Policy & Practice - A Development Education Review



Development education and campaigning linkages

Public Awareness
Spring 2009

Nessa Ní Chasaide


A central value of development education (DE) entails linking participatory learning with action for global justice. This is often an energising and dynamic process within development education work. Nevertheless, there are differing approaches within the global justice community regarding how and when the action elements of development education should be introduced, and at what point education and campaigning approaches should intertwine. This article will reflect on the relationship between development education and campaigns and some of the strategic considerations that inform how they work together. She suggests some of the structural factors that may underpin the differences between development education and campaigns and makes some recommendations as to how the sectors can be mutually supportive.

One of the clearest descriptions of the difference between development education and campaigns comes from Irish Aid’s Development Education Strategy which suggests that development education should ‘encourage people towards action for a more just and equal world’ (Irish Aid, 2007a:6). On the link between development education and campaigning, Irish Aid’s funding guidelines state that:

“[D]evelopment education projects can incorporate an element of campaigning and advocacy for change. In order to qualify for funding […] campaigning and advocacy activities must be genuinely educational and informed by sound pedagogical practice. In practice this means providing a target group with a range of information and perspectives, as opposed to a single viewpoint. It also implies enabling target groups to reach their own conclusions, rather than providing a single solution” (Irish Aid, 2007b:7).

This clearly highlights the approach desired by Irish Aid in their funding of development education work and campaigning activities that are considered educational. It also reveals the grey areas that exist in defining what this approach actually means in practice. For example, how exactly can development education practitioners facilitate the encouragement of people toward action, while ensuring that a range of options are explored, and ensuring that campaigning approaches are included as an element of the process? On the one hand, the Irish Aid guidelines encourage good practice by emphasising rigorous and open approaches to development education. On the other hand, its guidelines also beg the question whether the suggested approach is realistic in achieving its aim of ‘encouraging people toward action for a more just and equal world’. Considering the wide range of views and approaches to these debates, it is important to explore the views of the non-governmental sector on the ‘right balance’ between education and action.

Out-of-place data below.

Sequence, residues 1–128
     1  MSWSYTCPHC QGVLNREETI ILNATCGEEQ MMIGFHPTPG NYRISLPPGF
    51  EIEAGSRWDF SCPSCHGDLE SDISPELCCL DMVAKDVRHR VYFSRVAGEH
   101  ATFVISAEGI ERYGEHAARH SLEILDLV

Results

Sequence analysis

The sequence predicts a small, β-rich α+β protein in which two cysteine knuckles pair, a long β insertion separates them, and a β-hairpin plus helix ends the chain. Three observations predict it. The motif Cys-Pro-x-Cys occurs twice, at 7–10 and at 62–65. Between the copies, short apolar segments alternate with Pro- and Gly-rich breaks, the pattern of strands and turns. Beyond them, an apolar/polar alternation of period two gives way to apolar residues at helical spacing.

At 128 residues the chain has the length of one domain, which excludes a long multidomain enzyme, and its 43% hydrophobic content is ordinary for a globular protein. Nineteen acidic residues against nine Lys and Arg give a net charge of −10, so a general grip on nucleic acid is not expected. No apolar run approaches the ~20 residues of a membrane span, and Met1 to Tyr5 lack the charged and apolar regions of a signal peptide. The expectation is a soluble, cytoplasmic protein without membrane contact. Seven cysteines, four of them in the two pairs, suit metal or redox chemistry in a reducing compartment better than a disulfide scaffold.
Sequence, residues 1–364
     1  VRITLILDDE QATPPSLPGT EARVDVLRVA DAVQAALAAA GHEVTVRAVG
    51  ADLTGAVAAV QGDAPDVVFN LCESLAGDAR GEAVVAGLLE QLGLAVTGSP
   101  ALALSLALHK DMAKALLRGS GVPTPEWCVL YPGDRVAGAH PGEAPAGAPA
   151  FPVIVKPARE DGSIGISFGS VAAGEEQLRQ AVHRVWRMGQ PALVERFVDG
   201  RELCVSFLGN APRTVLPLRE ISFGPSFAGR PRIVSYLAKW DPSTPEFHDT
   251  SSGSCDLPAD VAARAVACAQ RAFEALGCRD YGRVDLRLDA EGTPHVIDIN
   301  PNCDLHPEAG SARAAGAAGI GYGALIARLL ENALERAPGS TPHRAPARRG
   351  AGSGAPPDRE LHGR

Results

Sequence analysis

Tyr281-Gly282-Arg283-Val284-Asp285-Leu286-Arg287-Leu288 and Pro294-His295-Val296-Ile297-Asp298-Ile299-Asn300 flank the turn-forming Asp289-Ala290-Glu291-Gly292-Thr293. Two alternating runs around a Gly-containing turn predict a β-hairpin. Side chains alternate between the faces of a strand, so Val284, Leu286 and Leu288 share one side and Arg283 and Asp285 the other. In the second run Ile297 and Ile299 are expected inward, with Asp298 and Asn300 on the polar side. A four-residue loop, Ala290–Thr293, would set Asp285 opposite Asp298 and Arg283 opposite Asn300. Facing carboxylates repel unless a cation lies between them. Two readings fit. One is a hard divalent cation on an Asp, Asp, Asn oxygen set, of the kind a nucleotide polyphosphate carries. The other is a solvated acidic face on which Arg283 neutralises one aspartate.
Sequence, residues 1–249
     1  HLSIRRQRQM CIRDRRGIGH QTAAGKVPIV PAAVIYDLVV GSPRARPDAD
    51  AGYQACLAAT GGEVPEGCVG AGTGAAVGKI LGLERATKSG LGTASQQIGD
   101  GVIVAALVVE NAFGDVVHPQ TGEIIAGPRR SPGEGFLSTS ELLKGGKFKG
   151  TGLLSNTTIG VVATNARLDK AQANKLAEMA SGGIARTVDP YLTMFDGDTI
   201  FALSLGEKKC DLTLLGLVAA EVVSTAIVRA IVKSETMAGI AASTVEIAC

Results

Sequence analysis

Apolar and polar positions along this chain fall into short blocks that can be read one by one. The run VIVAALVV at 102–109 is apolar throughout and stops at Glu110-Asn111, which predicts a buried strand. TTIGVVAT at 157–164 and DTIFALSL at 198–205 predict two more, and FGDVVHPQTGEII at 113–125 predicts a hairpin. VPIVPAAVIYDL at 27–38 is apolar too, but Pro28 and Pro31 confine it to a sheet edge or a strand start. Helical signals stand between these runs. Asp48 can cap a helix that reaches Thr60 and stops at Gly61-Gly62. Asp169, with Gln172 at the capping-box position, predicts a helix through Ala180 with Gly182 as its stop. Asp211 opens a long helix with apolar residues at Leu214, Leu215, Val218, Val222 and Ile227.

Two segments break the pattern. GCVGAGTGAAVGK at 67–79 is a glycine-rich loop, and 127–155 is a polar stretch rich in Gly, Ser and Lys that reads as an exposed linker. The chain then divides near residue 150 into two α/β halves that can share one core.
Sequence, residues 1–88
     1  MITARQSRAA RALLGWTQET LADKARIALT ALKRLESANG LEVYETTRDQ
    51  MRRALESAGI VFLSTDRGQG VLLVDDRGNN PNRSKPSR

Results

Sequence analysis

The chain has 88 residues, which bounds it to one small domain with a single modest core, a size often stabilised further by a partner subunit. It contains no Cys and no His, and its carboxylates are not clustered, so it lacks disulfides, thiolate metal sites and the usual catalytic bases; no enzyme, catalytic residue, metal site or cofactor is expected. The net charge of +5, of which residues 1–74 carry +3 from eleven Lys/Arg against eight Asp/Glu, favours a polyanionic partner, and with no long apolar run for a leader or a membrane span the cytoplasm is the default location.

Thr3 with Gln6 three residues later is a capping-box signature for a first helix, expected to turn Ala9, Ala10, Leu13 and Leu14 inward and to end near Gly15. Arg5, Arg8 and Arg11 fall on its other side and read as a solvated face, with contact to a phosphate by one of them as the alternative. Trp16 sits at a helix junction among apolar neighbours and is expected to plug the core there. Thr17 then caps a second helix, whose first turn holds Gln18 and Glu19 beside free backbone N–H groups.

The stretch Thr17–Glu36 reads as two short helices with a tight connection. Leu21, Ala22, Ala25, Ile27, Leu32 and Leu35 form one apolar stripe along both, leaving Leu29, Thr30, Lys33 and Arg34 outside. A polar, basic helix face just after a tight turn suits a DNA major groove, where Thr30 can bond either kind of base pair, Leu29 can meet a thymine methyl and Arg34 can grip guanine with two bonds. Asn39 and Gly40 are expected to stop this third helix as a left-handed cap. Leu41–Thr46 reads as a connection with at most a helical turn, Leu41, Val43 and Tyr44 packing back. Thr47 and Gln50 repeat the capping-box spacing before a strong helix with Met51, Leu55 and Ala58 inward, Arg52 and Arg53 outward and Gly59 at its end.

The core concerns among non-governmental organisations (NGOs)

The Centre for Global Education’s 2008 annual development education conference included a workshop on the link between development education and campaigning which highlighted many concerns requiring further exploration (Centre for Global Education, 2008:16). One particular issue raised in the workshop discussion was the need to protect and strengthen open learning spaces, with no pre-determined outcomes to participation. This reflected the NGO community’s desire to guard against instructive approaches to identifying political solutions and routes to political action. Concerns were also raised that development education at an operational level can sometimes privilege the personal responses of the individual, thereby potentially missing opportunities for, or placing barriers to, collective action for global justice. A more in-depth exploration of how development education and campaigning work is structured in Ireland can assist us in understanding the foundations of these concerns.

Development education

The development education sector in Ireland has significantly increased its capacity and focus on good practice approaches. This is partly evidenced through the formation of collective learning networks that seek to increase the quality of development education work and its reach, such as the Development Education Exchange in Europe Project (DEEEP), the Irish Development Education Association (IDEA), the Development and Intercultural Education project and the Ubuntu network. Development education practitioners also extensively engage in the mainstreaming of global justice issues in formal education, which requires a strong knowledge of the formal education system and curricula, target groups and appropriate methodologies. Practitioners’ considerable work in the formal education sector is evidenced by the increased range of resources now available to schools. There is also a heavy emphasis on course accreditation with an increasing number of opportunities available to take development education courses designed for the formal sector.